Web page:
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Some people in Italy may view Americans as too loud or pushy, while others may admire certain aspects of American culture, such as its entrepreneurial spirit.
Ultimately, it depends on the individual’s perspective and experiences with Americans.
As an Italian living in Italy, I can provide my two cents on the subject so you may receive a better response based on my experiences and those around me.
The majority of Italian people like Americans. Around 80% actually love Americans and America like a Country. That’s because the US culture is influential here. We’ve been exposed to American Culture, starting with movies and extending all the way down to brands and commercials.
The stereotype of Italians loving Americans is actually very accurate, in my opinion.
What does Italy think of America?
The Italian people I interact with either admire America or have been to the country. They view America as a place where you can make it big if you try hard enough.
The American dream of being free to do what you want with your life is something the Italians have heard of and think of positively.
That is not to say that all Italians are fans of Americans. There are still many Italians who don’t like Americans.
So, why do some Italians dislike Americans? They do not know anything about America or Americans. This may be due to them not having interacted with many Americans, and their only source of information about the country is American movies, which for the most part, portray Americans as loud and violent.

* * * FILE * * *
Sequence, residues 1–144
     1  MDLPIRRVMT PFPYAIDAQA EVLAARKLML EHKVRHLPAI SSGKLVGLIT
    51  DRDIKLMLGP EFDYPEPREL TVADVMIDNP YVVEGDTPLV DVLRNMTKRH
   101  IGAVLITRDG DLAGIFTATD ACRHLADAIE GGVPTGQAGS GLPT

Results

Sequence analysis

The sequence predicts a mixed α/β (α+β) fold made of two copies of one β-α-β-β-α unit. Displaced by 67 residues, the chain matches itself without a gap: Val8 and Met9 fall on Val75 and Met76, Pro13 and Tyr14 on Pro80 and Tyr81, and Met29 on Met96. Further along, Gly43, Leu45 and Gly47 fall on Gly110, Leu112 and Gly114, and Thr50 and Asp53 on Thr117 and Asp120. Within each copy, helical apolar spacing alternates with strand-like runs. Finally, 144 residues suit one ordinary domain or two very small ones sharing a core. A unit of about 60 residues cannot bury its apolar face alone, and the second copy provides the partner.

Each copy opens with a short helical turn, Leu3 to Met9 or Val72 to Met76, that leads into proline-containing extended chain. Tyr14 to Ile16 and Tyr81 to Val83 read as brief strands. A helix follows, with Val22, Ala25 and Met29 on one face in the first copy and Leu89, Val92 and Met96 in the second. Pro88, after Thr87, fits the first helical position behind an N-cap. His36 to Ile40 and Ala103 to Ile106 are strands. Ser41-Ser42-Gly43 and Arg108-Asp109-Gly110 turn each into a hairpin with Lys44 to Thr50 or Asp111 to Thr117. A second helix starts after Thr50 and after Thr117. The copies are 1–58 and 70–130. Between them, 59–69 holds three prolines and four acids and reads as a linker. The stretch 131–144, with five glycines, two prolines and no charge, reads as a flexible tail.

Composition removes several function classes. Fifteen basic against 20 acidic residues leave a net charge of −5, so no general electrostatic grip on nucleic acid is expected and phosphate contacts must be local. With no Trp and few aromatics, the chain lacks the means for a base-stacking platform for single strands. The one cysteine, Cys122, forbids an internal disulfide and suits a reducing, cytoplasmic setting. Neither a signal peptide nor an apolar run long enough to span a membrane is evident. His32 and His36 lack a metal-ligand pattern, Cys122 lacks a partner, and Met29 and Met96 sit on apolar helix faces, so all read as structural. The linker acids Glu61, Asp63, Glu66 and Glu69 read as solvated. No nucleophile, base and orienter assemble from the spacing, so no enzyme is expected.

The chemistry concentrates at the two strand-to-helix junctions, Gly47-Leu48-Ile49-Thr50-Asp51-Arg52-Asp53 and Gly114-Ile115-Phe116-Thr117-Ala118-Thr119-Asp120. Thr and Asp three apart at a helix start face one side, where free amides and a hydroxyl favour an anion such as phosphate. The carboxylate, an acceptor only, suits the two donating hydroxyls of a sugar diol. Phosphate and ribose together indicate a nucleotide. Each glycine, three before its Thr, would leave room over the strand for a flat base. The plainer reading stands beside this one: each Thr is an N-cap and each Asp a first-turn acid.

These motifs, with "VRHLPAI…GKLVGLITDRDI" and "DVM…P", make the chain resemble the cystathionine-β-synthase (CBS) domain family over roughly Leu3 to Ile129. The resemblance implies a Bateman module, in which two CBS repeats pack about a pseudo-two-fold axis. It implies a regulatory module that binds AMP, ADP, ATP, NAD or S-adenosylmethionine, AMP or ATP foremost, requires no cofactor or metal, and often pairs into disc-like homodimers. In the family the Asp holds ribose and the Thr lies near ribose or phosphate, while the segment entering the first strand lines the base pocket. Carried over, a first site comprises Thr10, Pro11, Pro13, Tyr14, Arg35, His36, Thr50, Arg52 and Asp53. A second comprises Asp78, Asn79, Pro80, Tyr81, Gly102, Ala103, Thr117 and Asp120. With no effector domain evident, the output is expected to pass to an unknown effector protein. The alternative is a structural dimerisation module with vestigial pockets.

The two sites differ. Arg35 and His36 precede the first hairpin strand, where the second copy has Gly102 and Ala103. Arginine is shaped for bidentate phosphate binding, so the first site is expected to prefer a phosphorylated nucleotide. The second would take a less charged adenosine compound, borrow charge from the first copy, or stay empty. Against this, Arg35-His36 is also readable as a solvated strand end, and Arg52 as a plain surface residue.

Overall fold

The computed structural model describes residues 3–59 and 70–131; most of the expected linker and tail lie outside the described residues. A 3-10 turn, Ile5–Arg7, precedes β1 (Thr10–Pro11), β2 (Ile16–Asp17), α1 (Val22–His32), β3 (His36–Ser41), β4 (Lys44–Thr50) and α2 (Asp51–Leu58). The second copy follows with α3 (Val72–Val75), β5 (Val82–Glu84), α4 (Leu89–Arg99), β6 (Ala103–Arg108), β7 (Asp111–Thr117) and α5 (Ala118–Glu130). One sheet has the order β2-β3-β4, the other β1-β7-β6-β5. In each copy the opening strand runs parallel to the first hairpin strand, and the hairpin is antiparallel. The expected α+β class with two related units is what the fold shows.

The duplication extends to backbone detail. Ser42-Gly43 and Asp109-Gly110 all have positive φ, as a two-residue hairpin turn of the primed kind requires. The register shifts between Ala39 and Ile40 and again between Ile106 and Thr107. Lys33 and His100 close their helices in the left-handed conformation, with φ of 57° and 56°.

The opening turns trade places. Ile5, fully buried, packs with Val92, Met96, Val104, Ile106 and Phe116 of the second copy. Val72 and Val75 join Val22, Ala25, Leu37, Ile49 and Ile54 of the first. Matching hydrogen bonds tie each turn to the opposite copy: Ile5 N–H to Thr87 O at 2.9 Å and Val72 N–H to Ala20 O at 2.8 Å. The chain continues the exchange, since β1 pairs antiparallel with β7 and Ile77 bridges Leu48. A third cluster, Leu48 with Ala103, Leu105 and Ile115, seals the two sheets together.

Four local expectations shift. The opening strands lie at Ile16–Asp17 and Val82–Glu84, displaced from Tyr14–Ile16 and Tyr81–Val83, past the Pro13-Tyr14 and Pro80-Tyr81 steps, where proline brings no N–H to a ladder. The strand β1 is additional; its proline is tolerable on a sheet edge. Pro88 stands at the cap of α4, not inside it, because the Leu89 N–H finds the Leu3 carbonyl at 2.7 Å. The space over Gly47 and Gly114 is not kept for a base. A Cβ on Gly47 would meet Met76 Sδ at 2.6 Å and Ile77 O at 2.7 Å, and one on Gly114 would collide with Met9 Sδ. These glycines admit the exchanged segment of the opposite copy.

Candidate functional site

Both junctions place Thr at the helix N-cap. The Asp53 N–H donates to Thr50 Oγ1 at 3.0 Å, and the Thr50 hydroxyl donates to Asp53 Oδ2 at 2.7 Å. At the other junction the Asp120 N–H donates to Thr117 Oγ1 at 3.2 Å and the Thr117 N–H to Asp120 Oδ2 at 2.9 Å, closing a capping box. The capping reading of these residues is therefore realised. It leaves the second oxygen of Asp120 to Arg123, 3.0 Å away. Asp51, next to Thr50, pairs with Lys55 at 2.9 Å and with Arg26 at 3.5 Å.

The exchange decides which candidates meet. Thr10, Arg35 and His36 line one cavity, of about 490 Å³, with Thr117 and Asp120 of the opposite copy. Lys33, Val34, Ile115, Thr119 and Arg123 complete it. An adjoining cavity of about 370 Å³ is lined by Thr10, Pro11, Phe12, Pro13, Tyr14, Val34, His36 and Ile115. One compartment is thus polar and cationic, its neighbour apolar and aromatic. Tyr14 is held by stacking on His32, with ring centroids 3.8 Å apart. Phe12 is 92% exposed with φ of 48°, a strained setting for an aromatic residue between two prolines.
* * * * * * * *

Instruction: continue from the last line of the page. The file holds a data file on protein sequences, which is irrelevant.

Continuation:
Their dislike for America and its people may come from a bad experience with an American or someone who seemed like they were an American.
However, this number grows smaller as Italians travel more and are exposed to different cultures. They want to know the world and be more tolerant of other people’s perceptions.
- Italians like Americans because they see them as hardworking, generous, casual (in a good way), open-minded people who are tolerant of others.
- Italians do not like Americans for some of the same reasons they like them: they see them as loud, pushy, and sometimes even violent people who never stop talking about how great America is. (No offense, every country has bad apples).
I’ll leave you with one essential thing to remember: Italians may admire certain aspects of American culture, but that does not mean they will like everything about Americans.